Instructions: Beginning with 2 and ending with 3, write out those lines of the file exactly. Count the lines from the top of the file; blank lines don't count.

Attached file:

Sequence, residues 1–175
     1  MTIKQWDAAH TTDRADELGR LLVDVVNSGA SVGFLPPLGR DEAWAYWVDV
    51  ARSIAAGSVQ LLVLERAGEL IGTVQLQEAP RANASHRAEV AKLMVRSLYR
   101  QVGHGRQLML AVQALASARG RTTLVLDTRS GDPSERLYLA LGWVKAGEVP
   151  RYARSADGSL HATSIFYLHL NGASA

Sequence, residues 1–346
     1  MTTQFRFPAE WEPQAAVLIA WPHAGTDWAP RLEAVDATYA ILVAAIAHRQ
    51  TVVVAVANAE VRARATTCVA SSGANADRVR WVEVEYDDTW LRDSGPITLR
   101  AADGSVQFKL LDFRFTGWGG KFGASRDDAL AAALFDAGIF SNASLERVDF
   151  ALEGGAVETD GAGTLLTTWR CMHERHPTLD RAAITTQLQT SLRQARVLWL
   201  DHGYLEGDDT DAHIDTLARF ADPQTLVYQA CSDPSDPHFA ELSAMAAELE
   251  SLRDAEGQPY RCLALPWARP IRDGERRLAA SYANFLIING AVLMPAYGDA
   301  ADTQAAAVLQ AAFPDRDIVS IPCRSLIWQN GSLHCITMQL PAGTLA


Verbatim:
     1  MTIKQWDAAH TTDRADELGR LLVDVVNSGA SVGFLPPLGR DEAWAYWVDV
    51  ARSIAAGSVQ LLVLERAGEL IGTVQLQEAP RANASHRAEV AKLMVRSLYR